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The U.S. National Transportation Safety Board issued three safety recommendations Thursday following an investigation into last year’s engine room fire aboard the Great Lakes bulk carrier Roger Blough during winter layup.
The Roger Blough was docked at the Fincantieri Bay Shipbuilding facility on Sturgeon Bay, Wisconsin when a fire started in the engine room on February 1, 2021. The cargo-unloading conveyor belts then ignited, causing extensive damage throughout the aft section of the vessel. The shipkeeper on board departed the vessel without injury. No pollution was reported.
The incident was extremely costly with damages to the Roger Blough exceeding $100 million.
NTSB investigators determined the fire originated at the burner for the diesel oil-fired furnace, which had been installed in the engine room to heat the space during the winter. The burner assembly was mounted onto the furnace’s air tube with an aluminum coupling. Investigators determined the coupling broke, allowing the burner to drop and fracture the fuel line supplying it.
According to the NTSB, about a month before the fire, the chief engineer believed the furnace was not working and thought the ignitor was not properly set. The vessel’s two engineers removed and reinstalled the furnace’s burner several times in their attempts to repair the furnace, which were unsuccessful. They contacted the furnace company’s technical representative who repaired the furnace. NTSB investigators concluded the repeated removal and reinstallation of the burner assembly during attempts to repair the furnace may have damaged the mounting coupling and led to its eventual failure.
When the fire erupted at night, the wireless monitoring and notification system, which was installed for winter layup, activated the alarm panel in the crew’s accommodation spaces and then notified the designated contacts. The shipkeeper was the only person on board but was not listed among the contacts. The shipkeeper was not awakened until 7 minutes later when the smoke detector inside his stateroom sounded as thick black smoke filled the room. According to the report, had the shipkeeper on board been listed among the designated contacts to receive system alerts, he likely would have been awakened earlier and may have had an opportunity to extinguish the fire before it spread through the vessel.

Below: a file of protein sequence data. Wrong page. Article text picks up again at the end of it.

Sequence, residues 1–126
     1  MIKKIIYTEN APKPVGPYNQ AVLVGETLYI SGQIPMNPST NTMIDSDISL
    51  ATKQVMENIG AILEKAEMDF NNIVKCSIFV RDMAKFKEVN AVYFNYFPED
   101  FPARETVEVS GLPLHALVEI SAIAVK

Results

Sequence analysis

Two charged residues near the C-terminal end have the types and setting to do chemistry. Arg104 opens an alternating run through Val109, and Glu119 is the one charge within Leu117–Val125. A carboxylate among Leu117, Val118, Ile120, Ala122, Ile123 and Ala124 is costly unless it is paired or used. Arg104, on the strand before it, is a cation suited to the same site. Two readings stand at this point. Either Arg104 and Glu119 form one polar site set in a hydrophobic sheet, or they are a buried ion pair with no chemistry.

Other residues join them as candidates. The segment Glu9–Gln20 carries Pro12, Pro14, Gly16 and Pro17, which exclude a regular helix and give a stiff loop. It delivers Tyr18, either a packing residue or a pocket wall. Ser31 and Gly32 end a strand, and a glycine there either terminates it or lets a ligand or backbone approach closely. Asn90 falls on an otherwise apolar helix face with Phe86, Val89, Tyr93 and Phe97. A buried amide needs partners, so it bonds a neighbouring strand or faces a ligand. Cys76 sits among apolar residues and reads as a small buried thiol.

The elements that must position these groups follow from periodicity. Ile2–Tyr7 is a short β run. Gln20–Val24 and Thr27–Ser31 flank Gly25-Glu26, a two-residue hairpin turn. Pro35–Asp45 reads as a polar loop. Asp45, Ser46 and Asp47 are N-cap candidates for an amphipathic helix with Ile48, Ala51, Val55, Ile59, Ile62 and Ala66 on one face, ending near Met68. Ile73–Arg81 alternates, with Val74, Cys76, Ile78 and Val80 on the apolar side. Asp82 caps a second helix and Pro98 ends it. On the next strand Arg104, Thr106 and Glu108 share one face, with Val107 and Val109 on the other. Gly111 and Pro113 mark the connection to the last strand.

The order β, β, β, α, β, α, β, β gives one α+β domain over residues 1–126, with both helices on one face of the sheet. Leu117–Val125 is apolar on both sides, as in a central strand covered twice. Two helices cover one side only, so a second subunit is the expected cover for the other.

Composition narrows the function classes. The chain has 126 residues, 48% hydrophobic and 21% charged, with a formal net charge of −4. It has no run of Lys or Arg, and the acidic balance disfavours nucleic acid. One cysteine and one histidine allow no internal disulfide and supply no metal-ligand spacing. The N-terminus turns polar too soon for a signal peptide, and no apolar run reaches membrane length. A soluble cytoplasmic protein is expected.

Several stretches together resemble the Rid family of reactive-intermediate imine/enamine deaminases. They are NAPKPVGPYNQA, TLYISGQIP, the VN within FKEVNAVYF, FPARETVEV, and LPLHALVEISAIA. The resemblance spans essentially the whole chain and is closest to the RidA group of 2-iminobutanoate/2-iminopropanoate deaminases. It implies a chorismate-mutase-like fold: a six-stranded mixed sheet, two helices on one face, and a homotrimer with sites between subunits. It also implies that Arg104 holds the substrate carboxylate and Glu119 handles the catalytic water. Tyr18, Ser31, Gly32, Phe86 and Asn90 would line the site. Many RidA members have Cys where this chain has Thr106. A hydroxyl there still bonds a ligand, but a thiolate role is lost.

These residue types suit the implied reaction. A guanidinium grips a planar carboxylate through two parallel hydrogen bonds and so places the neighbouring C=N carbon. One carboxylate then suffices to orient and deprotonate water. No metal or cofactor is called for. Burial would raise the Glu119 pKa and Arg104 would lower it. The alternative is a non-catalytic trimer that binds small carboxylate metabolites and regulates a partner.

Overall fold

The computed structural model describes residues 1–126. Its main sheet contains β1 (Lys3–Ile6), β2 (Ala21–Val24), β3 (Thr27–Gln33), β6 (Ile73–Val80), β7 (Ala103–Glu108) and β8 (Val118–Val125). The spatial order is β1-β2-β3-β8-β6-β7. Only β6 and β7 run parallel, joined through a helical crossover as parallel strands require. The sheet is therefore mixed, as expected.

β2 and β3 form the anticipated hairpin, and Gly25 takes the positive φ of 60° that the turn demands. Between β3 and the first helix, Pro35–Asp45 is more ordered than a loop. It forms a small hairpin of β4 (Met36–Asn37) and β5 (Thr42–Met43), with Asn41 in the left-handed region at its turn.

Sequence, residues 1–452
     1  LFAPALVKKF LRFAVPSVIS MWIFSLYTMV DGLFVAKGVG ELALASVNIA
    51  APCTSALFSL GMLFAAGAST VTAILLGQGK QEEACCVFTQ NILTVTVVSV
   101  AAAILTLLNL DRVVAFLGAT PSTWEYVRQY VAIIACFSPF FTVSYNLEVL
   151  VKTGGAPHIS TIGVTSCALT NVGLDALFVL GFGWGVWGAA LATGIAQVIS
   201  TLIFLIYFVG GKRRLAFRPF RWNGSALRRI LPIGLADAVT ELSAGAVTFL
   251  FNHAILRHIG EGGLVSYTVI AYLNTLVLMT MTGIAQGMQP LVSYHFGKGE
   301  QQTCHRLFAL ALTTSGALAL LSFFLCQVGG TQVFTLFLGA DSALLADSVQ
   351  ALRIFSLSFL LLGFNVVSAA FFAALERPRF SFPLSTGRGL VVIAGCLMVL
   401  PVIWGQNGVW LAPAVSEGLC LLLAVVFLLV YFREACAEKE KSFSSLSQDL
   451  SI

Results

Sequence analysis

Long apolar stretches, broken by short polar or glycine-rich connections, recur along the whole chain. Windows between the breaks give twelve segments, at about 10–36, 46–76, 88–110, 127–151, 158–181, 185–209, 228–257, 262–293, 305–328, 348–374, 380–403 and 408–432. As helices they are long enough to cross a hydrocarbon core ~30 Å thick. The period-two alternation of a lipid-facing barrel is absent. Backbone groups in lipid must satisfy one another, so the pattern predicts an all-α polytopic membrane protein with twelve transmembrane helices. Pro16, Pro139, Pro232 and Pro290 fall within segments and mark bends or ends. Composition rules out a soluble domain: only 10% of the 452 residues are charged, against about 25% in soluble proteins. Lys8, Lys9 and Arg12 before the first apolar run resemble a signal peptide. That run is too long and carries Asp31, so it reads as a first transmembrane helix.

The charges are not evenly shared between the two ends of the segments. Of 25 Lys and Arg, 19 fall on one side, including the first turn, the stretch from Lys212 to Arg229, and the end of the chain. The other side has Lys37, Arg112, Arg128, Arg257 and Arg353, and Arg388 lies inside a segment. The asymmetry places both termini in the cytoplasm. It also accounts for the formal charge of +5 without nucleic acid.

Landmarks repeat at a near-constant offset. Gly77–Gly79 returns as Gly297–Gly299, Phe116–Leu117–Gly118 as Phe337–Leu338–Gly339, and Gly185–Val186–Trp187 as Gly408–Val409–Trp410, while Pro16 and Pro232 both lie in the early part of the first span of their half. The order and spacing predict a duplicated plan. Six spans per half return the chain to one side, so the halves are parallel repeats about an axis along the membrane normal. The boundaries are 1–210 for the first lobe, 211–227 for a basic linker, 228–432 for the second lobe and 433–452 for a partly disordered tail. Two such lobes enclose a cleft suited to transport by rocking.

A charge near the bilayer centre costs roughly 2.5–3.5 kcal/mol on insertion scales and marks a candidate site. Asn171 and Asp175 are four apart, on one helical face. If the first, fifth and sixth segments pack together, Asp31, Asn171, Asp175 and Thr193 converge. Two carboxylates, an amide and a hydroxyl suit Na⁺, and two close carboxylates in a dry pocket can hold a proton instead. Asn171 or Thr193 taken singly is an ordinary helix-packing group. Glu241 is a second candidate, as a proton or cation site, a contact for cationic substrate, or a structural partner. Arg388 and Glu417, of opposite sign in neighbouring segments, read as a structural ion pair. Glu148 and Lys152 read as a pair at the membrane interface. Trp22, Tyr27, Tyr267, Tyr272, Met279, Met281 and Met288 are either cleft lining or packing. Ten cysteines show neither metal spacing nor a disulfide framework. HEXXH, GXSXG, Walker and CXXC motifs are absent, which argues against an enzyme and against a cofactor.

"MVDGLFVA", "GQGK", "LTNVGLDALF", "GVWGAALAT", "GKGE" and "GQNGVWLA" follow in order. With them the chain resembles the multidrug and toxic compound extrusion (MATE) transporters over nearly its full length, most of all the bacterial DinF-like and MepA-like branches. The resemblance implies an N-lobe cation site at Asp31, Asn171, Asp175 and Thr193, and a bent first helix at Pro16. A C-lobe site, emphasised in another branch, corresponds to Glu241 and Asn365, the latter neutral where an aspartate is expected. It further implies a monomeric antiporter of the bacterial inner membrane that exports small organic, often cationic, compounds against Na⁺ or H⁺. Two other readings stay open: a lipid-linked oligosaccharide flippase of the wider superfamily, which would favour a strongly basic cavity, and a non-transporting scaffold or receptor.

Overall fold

NTSB determined that the probable cause of the engine room fire was likely the repeated removal and reinstallation of the furnace’s burner that led to the failure of its mounting coupling, resulting in the operating burner dropping to the bottom of its enclosure and fracturing the fuel supply line, which allowed diesel fuel to ignite. Contributing to the fire was the absence of a fire-activated automatic fuel oil shutoff valve on the fuel oil inlet piping before the burner, which would have stopped the fuel feeding the fire shortly after it started and limited the spread of the fire.
As a result of the investigation, the NTSB issued one recommendation each to the U.S. Coast Guard, the American Bureau of Shipping, and Key Lakes Inc.
NTSB recommended that the U.S. Coast Guard require that furnace installations on vessels be inspected to comply with National Fire Protection Association recommendations and to develop standards requiring installation of other types of shutdown mechanisms or safety alarms. A similar recommendation was issued to the American Bureau of Shipping, which conducts oversight examinations for vessels like the Roger Blough. NTSB’s recommendation to the vessel owner, Key Lakes Inc. was to ensure that their designated contacts list includes each shipkeeper living and working on a vessel during layup.
“There are no regulations regarding winter layup procedures for commercial vessels operating in the Great Lakes,” the report said. “The lack of regulations or classification standards related to diesel oil-fired air heating furnace construction, installation, safety shutdowns, and system alarms poses a risk to life and property if the equipment is not installed and maintained to standards similar to those in place for other oil-fired equipment.”
The report added: “The National Fire Protection Association recommends that burner assemblies like the type installed on the Roger Blough have a fire-activated quick-closing valve on the inlet fuel oil piping next to the burner. When installed, this type of valve has a thermally activated mechanism that shuts the valve in the presence of fire to stop further flow of fuel to the burner. Had the burner assembly on the Roger Blough been fitted with a fire-activated quick-closing valve on its inlet fuel oil piping, the fuel feeding the furnace fire would have been stopped and thus the fire likely would not have spread so rapidly.”
Safety issues identified by the NTSB included:
The public docket for the investigation containing factual information, including interview transcripts, photographs and other investigative materials is here.
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